Anubhuti organised two seminars on the subject of ‘Youth Mental Justice’ – one a city-wide seminar with St. Andrew’s College in Bandra, Mumbai and another a National Conference with SIA College in Dombivali, Thane District.

Both together saw participation of more than 60 teachers, above 40 students, representing almost 40 different institutions from all over Maharashtra as well as the nearby Union Territory of Dadra and Nagar Haveli.

Seminar with St. Andrew’s College

The seminar at St. Andrew’s College was on 29th January 2020. It was a highly interactive seminar where the entire hall participated enthusiastically in expressing issues they have seen youth to be facing, what causes these issues, connection of these with the mental health of diverse youth and what we can do as educators, peers, college management, mental health (MH) practitioners, etc. to make our youth spaces mental health friendly and just.

We especially appreciate the teachers, many of them psychology professors and the college counsellors, who are trained MH practitioners, for openly acknowledging and accepting their drawbacks when dealing with youth mental health problems. These drawbacks included unawareness of caste/class/gender/sexuality contexts to MH issues; not being able to reach students from diverse backgrounds because openness to talk about mental health has still only reached a certain privileged class; unawareness of justice and dignity approaches to mental health and so on. They also shared how they are willing to learn and unlearn, take more proactive efforts, but that they need support from their management to make campuses mentally healthy:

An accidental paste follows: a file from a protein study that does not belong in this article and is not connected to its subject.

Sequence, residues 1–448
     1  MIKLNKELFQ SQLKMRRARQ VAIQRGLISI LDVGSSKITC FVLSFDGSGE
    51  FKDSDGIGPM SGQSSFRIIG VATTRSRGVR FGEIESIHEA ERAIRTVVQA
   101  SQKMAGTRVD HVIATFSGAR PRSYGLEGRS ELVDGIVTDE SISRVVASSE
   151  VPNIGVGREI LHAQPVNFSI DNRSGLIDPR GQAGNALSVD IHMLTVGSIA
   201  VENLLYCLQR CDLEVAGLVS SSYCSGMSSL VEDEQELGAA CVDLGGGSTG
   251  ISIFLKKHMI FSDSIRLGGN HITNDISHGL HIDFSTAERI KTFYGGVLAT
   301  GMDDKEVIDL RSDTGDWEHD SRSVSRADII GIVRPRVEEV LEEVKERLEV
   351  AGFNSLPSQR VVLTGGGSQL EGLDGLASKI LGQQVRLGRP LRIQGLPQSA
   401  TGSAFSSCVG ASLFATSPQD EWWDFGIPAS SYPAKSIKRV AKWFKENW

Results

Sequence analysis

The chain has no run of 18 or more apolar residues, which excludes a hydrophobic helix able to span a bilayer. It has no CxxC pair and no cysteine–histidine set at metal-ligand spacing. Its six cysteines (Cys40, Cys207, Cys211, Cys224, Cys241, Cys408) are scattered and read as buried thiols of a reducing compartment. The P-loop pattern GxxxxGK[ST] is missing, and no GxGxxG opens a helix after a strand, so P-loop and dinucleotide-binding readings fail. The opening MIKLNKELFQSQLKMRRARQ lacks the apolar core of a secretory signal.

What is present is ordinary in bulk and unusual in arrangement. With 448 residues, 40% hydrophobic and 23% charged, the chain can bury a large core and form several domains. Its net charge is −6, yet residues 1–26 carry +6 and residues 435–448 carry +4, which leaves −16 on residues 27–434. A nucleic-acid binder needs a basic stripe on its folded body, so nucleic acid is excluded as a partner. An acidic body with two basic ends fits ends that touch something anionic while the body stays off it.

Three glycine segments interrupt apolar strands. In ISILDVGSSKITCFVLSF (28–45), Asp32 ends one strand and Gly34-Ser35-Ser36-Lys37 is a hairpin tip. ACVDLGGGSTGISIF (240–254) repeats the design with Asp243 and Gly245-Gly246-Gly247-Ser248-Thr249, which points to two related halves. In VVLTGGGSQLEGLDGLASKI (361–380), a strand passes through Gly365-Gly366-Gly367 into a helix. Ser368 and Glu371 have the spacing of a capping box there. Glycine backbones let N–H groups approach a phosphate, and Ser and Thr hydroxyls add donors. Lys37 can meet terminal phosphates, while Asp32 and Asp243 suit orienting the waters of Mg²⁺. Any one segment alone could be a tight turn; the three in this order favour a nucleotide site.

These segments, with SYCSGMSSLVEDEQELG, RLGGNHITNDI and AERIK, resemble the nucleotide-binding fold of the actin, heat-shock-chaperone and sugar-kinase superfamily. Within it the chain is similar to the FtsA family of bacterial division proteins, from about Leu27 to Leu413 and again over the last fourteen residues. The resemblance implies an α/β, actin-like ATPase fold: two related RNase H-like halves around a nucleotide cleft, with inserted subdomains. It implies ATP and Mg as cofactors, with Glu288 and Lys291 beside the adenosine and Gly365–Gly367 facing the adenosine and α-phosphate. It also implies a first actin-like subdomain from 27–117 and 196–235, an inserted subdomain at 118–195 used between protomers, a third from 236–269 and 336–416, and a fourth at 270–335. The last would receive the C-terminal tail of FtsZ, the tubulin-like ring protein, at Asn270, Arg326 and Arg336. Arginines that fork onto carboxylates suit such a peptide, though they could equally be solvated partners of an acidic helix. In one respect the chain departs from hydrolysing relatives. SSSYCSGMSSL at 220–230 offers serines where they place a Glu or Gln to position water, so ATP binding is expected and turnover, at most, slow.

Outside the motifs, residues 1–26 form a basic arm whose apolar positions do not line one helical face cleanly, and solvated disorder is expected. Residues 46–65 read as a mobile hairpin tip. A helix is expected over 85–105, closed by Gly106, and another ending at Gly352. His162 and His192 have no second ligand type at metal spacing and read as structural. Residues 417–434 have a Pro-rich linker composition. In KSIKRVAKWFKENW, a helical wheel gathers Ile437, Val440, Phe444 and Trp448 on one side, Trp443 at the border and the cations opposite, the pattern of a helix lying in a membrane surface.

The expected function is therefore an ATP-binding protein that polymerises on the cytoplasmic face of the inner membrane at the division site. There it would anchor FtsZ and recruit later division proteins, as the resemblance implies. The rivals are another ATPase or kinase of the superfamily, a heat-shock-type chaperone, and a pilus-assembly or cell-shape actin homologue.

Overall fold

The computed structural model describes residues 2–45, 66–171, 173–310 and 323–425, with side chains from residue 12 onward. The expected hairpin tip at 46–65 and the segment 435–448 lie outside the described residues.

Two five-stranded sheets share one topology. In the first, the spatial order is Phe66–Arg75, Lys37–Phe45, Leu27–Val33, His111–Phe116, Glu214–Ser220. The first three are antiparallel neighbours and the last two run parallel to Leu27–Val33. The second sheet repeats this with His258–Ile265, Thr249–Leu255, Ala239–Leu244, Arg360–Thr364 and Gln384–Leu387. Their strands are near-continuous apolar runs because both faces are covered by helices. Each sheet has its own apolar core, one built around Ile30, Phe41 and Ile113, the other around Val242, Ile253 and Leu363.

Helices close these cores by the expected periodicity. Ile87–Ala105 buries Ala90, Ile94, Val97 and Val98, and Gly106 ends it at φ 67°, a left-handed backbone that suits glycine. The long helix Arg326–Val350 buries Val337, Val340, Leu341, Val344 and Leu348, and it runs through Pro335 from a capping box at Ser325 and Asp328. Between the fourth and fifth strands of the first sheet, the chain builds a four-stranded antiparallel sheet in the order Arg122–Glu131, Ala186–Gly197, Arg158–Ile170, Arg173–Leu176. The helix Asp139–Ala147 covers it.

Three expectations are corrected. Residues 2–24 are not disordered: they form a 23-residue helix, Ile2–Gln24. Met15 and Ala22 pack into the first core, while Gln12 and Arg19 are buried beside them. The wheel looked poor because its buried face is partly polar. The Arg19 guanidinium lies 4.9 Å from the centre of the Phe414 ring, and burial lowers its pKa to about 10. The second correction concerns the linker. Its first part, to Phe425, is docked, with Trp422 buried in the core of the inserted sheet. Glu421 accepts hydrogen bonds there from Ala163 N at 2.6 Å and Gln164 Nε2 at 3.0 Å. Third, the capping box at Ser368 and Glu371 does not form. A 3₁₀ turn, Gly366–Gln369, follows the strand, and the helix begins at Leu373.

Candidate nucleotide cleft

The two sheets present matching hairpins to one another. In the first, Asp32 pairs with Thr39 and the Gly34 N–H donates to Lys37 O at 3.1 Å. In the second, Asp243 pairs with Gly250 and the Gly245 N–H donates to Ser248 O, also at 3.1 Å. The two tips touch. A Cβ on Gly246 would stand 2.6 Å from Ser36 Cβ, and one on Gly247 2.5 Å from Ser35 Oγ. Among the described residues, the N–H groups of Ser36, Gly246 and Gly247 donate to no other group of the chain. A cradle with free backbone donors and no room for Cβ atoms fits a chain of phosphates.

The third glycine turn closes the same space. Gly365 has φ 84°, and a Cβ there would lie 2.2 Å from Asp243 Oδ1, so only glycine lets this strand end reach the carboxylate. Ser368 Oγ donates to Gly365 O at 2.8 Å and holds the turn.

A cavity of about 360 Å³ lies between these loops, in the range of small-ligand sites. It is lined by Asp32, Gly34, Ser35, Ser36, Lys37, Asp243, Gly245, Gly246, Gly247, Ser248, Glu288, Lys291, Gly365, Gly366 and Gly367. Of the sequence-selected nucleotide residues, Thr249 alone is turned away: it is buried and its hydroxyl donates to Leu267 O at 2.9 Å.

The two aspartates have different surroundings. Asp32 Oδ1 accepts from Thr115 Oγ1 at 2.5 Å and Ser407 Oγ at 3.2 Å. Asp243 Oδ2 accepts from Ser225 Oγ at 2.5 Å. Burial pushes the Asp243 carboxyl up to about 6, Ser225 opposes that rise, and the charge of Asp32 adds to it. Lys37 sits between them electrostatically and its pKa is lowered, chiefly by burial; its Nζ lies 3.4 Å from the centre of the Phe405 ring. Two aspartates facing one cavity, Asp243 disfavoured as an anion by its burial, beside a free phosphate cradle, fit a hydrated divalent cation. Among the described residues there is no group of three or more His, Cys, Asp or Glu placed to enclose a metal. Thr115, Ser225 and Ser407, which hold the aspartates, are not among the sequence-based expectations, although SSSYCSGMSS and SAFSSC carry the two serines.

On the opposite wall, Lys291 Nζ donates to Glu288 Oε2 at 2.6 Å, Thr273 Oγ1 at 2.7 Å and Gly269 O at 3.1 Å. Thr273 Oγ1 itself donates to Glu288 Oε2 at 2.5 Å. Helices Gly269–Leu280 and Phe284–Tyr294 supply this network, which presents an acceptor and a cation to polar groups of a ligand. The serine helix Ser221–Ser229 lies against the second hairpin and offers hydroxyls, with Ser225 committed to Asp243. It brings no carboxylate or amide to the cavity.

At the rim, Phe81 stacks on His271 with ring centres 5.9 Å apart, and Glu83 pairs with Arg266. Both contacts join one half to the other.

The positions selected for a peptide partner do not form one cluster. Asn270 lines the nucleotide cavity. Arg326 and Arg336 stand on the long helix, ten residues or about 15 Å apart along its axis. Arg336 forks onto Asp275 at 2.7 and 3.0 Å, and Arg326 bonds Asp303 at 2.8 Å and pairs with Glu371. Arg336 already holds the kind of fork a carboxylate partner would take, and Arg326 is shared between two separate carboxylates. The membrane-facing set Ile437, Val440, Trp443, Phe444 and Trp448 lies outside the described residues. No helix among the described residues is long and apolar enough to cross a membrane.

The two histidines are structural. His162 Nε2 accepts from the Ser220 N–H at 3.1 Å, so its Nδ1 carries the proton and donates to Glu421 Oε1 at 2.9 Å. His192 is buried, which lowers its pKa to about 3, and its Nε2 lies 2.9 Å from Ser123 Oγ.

1. Budget for mental health friendly activities
  2. Hiring more counsellors, proper space for counselling centre
  3. Organising with priority talks, seminars, etc. on the topic
  4. Orienting all teachers and not just those of psychology dept., or college counsellors – on how their conduct, teaching, approachability and response to students are a part of supporting their mental health.